Even with its dozens of registers, you may need to learn some extreme shopping cart tactics to wend your way through the store. Chances are it will be crowded. In fact, if the store has just opened up you might want to do yourself a favor and wait six months or so for the hoopla to die down. Although Wegmans may be too big for me to get my brain around, you are likely much less intimidated. In fact, if you take one trip into a Wegmans, you are likely to be rethinking your grocery store choices.

Do not expect to find Wal-Mart prices at Wegmans. In fact, I doubt you will find many Wal-Mart shoppers at Wegmans. It is not their kind of place and I do not think Wegmans shoppers frequent Wal-Marts either. However, do expect an attractive looking store. The Fairfax store has a harvest brown theme to it and lacks the garish florescent lights more typical of Supermarkets. Instead, we get little touches like a produce rack with an attached mist machine that artfully comes on periodically, so no customer has to deal with dry produce.

If America continues to prosper, stores like Wegmans should mean the death of traditional grocery stores. Why buy Wonder Bread at the local Food Lion when you can choose from hundreds of breads at the local Wegmans instead? (Are you still unsatisfied with the bakery aisle? Try the European Bread Bakery.) Why hunt for the Kashi cereal at the local Shoppers Food Warehouse when you can choose from a dozen Kashi cereals at Wegmans? On the other hand, you may want to save a few pennies and buy the Wegmans’ brand instead. If you are watching your grocery bill bottom line, you will probably keep shopping at the local Food Lion or Costco. If you are more concerned about quality and variety than lowest price, you will likely quickly convert to a lifelong Wegmans customer.


4 Responses to “Wigged out at Wegmans”

  1. 9:06 am on March 20 2006, Molly said:

    Great entry! It took my breath away to read about my passion from someone else;) I have loved grocery shopping for years and years and had the wonderful opportunity to visit a Wegmans in upstate NY about 10 years ago. It is an experiance not to be missed. At this point I have a very limited number of products to choose from, but when back in the States I am completely overwhelmed by how many choices we Americans have and take for granted.

  2. 10:11 am on March 20 2006, Aubrey Weese said:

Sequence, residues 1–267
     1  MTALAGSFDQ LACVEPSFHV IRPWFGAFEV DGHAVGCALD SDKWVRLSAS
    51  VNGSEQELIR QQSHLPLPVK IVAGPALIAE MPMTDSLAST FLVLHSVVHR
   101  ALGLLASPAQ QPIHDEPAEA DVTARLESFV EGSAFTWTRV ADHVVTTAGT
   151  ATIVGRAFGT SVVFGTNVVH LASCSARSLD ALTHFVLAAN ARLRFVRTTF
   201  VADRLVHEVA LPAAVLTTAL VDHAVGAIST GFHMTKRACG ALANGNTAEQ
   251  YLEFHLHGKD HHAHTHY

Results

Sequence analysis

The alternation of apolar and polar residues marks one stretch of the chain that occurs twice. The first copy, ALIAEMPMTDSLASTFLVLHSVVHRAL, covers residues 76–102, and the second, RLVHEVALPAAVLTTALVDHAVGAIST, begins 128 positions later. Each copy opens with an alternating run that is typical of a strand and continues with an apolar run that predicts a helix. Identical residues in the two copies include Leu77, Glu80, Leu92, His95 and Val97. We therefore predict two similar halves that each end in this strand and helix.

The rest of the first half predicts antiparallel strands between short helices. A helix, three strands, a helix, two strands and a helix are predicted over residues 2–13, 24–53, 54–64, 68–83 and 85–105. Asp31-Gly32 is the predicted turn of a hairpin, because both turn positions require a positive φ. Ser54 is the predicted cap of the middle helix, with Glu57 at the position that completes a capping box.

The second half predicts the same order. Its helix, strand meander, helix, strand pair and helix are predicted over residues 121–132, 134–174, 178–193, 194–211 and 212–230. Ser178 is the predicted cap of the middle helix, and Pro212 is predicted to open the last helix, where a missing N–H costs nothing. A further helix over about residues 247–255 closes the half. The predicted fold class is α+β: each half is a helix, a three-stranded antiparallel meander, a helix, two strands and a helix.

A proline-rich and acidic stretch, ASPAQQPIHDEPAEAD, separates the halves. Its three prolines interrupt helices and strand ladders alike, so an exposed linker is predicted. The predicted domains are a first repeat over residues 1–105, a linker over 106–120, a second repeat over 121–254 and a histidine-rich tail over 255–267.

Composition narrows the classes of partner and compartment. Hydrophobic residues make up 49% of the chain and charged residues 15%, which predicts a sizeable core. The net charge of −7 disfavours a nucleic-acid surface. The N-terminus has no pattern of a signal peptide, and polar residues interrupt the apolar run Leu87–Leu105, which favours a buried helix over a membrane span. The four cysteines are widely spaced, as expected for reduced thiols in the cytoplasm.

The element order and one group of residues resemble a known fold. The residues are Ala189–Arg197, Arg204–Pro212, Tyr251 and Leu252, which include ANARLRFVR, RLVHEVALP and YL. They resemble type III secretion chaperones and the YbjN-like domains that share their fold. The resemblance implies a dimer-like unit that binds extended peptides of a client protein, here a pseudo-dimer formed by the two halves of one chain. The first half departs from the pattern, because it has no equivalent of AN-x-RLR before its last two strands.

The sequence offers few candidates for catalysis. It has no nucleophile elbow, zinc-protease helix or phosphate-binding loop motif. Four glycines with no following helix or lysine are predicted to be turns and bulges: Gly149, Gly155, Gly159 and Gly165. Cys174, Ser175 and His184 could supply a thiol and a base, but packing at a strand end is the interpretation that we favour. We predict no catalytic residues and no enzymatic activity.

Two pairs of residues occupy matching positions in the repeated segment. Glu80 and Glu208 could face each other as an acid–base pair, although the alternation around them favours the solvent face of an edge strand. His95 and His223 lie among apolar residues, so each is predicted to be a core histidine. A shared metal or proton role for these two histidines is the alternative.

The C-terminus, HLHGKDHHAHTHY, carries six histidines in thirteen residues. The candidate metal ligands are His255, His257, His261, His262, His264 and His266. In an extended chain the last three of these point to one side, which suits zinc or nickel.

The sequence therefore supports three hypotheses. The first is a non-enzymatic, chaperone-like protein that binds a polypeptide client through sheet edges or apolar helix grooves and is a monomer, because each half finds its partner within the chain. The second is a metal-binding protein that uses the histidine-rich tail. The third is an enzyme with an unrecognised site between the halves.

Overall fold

“In fact, I doubt you will find many Wal-Mart shoppers at Wegmans.”

    You’ll find at least one. I buy everything else at Wal-Mart so I can afford to get my food at Wegman’s! Hey… the dinner is way more important than the plate I’m eating it on.

  3. 7:25 pm on April 20 2006, Cheryl Painter said:

    Hi Mark,
    I enjoyed reading your comments about your experience at Wegmans. I just started working in their bakery this year (2006) and as a matter of fact the store I work in just opened on the day you posted this -March 19,2006. I came across your post while searching yahoo for Wegmans articles since Mr Wegman (the 89 year old family patriarch) died today. I was happy that I got to meet him and that he got to see our store (mt. Laurel, NJ) open last month. He looked so proud when he addressed our store employees the day prior to opening, and rightly so. Its a great place to work and shop.

  4. 12:47 pm on May 8 2006, Jeff said:

    All hail Weggies!!!

    I grew up in Corning, NY and helped open the store there during high school in the ’80s. I continued to work for them in College (Ithaca). It was a great place to work then and an even greater place to shop now (that I’m making decent money!)

    Since then I’ve lived for many years in the DC area and was ecstatic when I learned about Wegmans’ plans for the Sterling store. I went on opening day and left $400 poorer, having spent 3+ hours trying to work my way out. I now shop every week at the Fairfax store.

    The wine shop is the one thing that is particularly thrilling to me. New York is one of those states with overly-restrictive blue laws – you can’t buy wine at any NY Wegmans (beer and wine coolers are OK but not wine – go figure…). Buying wine at Wegmans has a hint of the forbidden to me … making every trip that much more fun.

    To all those who complain about the ‘cultiness’ of Wegmans followers – you just don’t get it. There are many Northeastern (particularly Western NY state) transplants who live in places like DC and New Jersey to whom Wegmans represents a little slice of their upbringing. Its like if you were from Philly, living as an ex-patriot in Japan and suddenly Pat’s Steaks opened a cheesteak stand in downtown Tokyo. Would you be thrilled? Would you go there all the time for a taste of your homeland? Of course you would. Its the same feeling for me.